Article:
This small group taught Vic all he needed to know about the film stunt business. Great names in British stunting like Joe Powell, Richard Graydon, George Leech, Rupert Evans, Paddy Ryan, Peter Brace, Gerry Crampton, Eddie Eddon and Jack Cooper. From the volcano sequence in You Only Live Twice to the children’s classic Chitty Chitty Bang Bang and onto big budget period pieces like The Charge of the Light Brigade and Alfred The Great, Vic took them all in his stride. Not turning down any work. He was averaging six movies a year doubling the lead actor here or throwing a punch there, performing horse falls and car crashes with expertise and grace.

He tells of those moments that nearly ended it all. Falling from the top of a castle roof for the film The New Spartans, into a new airbag that had just arrived from the US. Over exuberantly launching himself from the roof only to realise that he was never going to hit the bag, gave it a glancing blow and bounced out, landing on his feet in the car park. Many years later on Never Say Never Again he was doubling Sean Connery diving into a well hanging underneath a helicopter. The pilot picked him up and started to fly to the location. Next thing Vic realised he was over 1000ft up sitting on a trapeze being blown about and hanging on for dear life!

Vic Armstrong in costume as Indiana Jones

Vic Armstrong in costume as Indiana Jones.
Vic doubled for Harrison Ford in Raiders of the Lost Ark (1981) and also served as double/stunt arranger on the two sequels Indiana Jones and the Temple of Doom (1984) and Indiana Jones and the Last Crusade (1989), which also starred Sean Connery as Professor Henry Jones.

He also tells of the good times and the friends who have stayed with him throughout his career. His introduction to Indiana Jones is one such moment. Vic had just arrived on the set and was due to double one of the other leads in the picture. As he was walking to his trailer to get changed a voice started shouting “Harrison, hey Harrison.” Vic carried on walking and looked down to see a small boy holding his hand. He turned to see Steven Spielberg right behind him. “Oh you’re not Harrison,” he said. The child holding Vic’s hand looked up, screamed and ran off. It was Harrison Ford’s son who had mistaken Vic for his dad. This meeting with Spielberg would change everything for Vic who became Harrison’s double right there and then. Spielberg also wrote the introduction for Vic’s book.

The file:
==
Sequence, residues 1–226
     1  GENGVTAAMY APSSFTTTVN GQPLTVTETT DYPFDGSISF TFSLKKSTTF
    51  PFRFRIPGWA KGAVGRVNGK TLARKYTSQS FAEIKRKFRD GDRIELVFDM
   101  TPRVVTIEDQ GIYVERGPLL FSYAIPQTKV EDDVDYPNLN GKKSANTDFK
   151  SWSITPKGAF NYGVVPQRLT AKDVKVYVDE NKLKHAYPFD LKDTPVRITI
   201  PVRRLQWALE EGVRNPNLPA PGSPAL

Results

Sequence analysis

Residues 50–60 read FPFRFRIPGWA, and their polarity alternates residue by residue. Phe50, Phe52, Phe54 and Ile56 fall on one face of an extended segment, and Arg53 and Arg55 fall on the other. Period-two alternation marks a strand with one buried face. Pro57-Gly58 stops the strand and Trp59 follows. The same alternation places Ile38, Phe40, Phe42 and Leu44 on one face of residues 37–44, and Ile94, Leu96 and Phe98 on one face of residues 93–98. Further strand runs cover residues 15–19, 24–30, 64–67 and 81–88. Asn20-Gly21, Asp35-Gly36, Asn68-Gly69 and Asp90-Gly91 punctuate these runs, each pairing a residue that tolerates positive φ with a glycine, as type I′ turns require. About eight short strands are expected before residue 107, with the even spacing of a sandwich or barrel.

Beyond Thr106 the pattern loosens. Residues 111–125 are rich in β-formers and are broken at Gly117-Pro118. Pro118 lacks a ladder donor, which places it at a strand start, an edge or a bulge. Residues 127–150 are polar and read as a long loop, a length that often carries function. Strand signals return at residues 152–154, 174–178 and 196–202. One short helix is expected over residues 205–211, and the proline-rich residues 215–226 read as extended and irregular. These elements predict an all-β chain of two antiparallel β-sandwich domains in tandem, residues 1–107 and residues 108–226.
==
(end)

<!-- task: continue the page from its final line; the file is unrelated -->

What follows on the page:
These insights into his world give the reader an extraordinary glimpse at just how tough his job must have been. Performing stunts is one thing, but then being given responsibility for coordinating the action whilst directing the 2nd unit makes the task so awesome you feel that superhuman strength would be of benefit. Vic is already familiar with this after his work doubling the late Christopher Reeve in the Superman films. Its movies like this and, of course, James Bond that have pushed the boundaries of possibility to new extremes. On the subject of Bond he has a bunch of great anecdotes about his time on You Only Live Twice, Live And Let Die, Tomorrow Never Dies, The World Is Not Enough and Die Another Day. It’s worth mentioning that he also worked on the screen test fights for The Living Daylights and was very close to being the stunt-coordinator on GoldenEye, but director Martin Campbell didn’t want Vic to do both Coordinating and directing the 2nd unit, so Simon Crane stepped in.

This book allows you to get to know Vic Armstrong better. He’s the sort of bloke that if you bumped into him in a pub you’d have a chat, buy each other a pint and leave good mates. My concern would be if you met Vic Armstrong in a pub all hell might break loose, windows being blown out, stuntmen falling through the roof onto the pool table ruining the intimate atmosphere. Mind you, that is the beauty of having a professional stuntman and world class 2nd unit director in a pub during a violent confrontation; at least the brawl would be well coordinated and beautifully shot.